What’s the protocol when meeting “wrong way” riders and being chickened out into a busy street? It’s surprising how fast they approach, with 30+ MPH closing speeds at times.

  8. Ghost Rider

    I get the same around here…even from folks who look just like me (regular clothes, utility bikes…not lycra-clad roadies). I still wave and smile at ’em in the hopes that I’m spreading goodwill.

    My protocol for meeting the wrong-way riders is to stay the hell out of their way and give ’em a “you’re going the wrong way” shout as we pass. I figure if they’re clueless enough already to be going the wrong way on a road, they’re probably pretty squirrelly as far as bike handling skills go, so they get a wide berth.

  9. Wayne Myer

    @Mike Myers, cafn8:
    It happens all over. I still wave. The really funny thing to me is that the same people who won’t acknowledge me when I ride my commuter, will wave when I am riding my Cannondale.

    But yet I wave and smile. And this morning, a guy on a time trial bike waved and smiled back. I would expect TTers of all people to be aloof; after all, they are seriously trying to shave seconds. There are all kinds riders out there and we all just need to be ourselves, providing a good example.

    Regarding the wrong-ways, I have the body mass and a bike durable enough to get into it with them. They must yield, not I. Obviously this is not an option for everyone. I will give them a polite “Wrong way,” but that often elicits some profanity. I find that the wrong way riders, at least around here, are the same people showing up in the police blotter with DUIs. A couple times, they seem to have gotten the hint and got onto the correct side of the road from then on.

  10. Pamela

    I don’t know if you’d call them unwritten rules… at least around where I live, and often in really busy urban zones it’s just ridiculous to try to wave at everyone.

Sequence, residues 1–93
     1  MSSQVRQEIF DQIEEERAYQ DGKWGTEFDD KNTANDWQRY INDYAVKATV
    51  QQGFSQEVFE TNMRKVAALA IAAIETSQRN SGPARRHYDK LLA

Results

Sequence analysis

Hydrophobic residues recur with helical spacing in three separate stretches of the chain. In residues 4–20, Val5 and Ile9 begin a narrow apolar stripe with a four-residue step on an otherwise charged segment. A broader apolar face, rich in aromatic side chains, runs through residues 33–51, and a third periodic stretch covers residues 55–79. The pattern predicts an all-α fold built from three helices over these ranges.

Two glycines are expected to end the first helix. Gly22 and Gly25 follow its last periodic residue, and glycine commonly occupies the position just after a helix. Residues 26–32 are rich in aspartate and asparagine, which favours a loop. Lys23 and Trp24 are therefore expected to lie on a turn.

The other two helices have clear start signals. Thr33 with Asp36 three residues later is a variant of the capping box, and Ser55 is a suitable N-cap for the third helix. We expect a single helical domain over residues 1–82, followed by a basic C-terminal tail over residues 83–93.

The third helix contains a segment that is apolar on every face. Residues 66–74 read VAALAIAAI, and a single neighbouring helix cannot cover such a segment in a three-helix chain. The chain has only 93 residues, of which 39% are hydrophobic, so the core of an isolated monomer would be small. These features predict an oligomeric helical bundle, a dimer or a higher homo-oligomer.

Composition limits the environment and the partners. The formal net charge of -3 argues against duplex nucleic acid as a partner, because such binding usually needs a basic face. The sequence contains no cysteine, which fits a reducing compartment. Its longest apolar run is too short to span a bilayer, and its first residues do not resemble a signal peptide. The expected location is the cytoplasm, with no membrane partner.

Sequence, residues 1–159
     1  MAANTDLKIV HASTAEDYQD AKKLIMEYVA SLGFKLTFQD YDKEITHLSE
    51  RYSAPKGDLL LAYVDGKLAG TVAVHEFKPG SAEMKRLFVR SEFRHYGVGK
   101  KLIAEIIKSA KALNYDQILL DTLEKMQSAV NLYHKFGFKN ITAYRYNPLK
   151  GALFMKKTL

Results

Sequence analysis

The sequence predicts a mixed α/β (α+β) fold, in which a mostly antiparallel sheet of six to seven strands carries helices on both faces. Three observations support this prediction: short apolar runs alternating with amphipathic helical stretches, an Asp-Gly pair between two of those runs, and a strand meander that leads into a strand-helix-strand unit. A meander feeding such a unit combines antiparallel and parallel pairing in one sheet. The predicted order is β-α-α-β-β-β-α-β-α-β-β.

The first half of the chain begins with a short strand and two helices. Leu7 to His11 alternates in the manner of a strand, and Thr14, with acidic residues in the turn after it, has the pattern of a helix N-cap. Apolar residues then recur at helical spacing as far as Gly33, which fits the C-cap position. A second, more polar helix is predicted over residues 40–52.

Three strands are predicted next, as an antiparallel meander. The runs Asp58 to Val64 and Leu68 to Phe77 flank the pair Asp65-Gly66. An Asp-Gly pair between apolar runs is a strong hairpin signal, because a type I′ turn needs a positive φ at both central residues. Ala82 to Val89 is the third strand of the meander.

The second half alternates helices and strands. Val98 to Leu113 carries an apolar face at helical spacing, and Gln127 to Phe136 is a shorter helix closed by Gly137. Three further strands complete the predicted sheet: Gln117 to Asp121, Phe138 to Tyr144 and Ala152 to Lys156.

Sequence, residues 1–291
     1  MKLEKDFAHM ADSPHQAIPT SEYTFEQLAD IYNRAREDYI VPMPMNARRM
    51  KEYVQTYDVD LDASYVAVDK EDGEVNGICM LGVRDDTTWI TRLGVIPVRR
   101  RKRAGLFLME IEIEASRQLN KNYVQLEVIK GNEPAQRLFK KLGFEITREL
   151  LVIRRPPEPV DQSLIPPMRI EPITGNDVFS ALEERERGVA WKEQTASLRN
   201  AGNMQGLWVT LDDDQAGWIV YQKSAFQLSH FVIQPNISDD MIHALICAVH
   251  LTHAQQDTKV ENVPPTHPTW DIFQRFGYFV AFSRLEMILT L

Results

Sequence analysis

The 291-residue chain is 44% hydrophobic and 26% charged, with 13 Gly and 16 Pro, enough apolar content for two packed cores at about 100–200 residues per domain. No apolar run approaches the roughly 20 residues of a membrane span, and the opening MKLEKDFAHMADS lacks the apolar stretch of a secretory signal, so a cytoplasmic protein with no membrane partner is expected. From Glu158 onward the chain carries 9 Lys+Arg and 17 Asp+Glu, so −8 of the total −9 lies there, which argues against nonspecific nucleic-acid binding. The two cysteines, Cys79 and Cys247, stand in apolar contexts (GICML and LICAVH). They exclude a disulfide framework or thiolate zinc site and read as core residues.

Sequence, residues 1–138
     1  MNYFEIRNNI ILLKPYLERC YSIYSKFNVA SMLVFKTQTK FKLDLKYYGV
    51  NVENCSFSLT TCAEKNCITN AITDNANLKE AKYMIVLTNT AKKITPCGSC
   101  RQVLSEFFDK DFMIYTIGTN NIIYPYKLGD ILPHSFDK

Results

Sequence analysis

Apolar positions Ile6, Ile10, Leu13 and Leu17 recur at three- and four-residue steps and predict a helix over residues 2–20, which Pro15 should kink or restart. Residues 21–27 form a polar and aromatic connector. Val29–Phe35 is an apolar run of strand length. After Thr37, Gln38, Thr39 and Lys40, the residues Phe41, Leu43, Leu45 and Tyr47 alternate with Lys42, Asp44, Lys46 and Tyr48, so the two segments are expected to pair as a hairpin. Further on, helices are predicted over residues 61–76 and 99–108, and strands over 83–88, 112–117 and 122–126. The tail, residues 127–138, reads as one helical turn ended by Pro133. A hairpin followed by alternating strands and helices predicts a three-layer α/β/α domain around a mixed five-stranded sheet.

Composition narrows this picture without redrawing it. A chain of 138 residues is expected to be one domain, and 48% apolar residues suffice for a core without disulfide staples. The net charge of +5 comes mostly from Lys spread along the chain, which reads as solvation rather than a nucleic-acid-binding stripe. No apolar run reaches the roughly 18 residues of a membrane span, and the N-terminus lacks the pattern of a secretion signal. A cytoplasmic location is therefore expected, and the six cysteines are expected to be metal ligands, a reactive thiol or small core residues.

Me, I do my own thing. If someone waves and says hi, or starts a conversation, they’ll get a genuine hello, wave, etc. from me, but I generally keep to myself while I’m cycling. I’m fine with it, that’s just me.

  11. Marrock

    If the roadies fail to acknowledge me I usually yell out that they have they’re shorts on inside out and then watch them roll into the bushes while trying to check.

  12. Tone

    Maybe I’m just antisocial, but the last thing I want to do is chat with everybody who happens to be riding a bicycle on my way to work.

    My ride is a nice, quiet time. Focusing on traffic, on the rythmn of my cadence, of the wind rushing past is almost mediative.

    I like my privacy. I don’t really want to chat at lights.

    Maybe that seems rude to the extroverted … so be it. But, I’m not trying to be rude. I’m just not looking to engage while riding.

  13. Gene

    Why do we all need to talk to each other?
    That is fine if that is what you like, not everyone is gregarious.
    I am an introverted, but friendly, rider. I am not good at small talk and don’t care for it. I give a friendly nod and that is it. I have no problem with other riders ignoring me.
    Not everyone has the same social preferences so I do not think there needs to be a code.
    I say let the withdrawn riders be withdrawn.
    No hard feelings.

  14. Jeff

    Hi. Please join the Bicycle to Work! LinkedIn networking group. Members pledge that they will try to ride their bicycle to work or on an errand at least once a week. Although the benefits should be obvious, let me outline them here.

    Right now people in the industrialized world are facing two very grave problems: obesity and a growing scarcity of oil. Compounding this problem is the new food shortage brought about, in part, by the conversion of food cropland to bio-fuel crop production. Most people feel powerless to help, but there is one thing that we can do. Ride our bicycles to work.

    If everyone would agree to ride their bikes to work one day per week we could cut oil consumption by as much as 10-15%. No one would argue that riding a bike burns more calories than driving the car. Although popular politically right now, most bio-fuels consume more energy than they produce. We would be much better to eat those bio-crops then use our own energy to transport us around.

    So spread the word. Make it a movement! Bicycle to work one day a week and do your part to cut back obesity and the overuse of oil and precious cropland.

    Just go to my profile at and you can click on the group to be included. While you are there, don’t forget to ask to link to my network of more than 9,000,000 like-minded professionals. I accept all invitations and look forward to meeting you.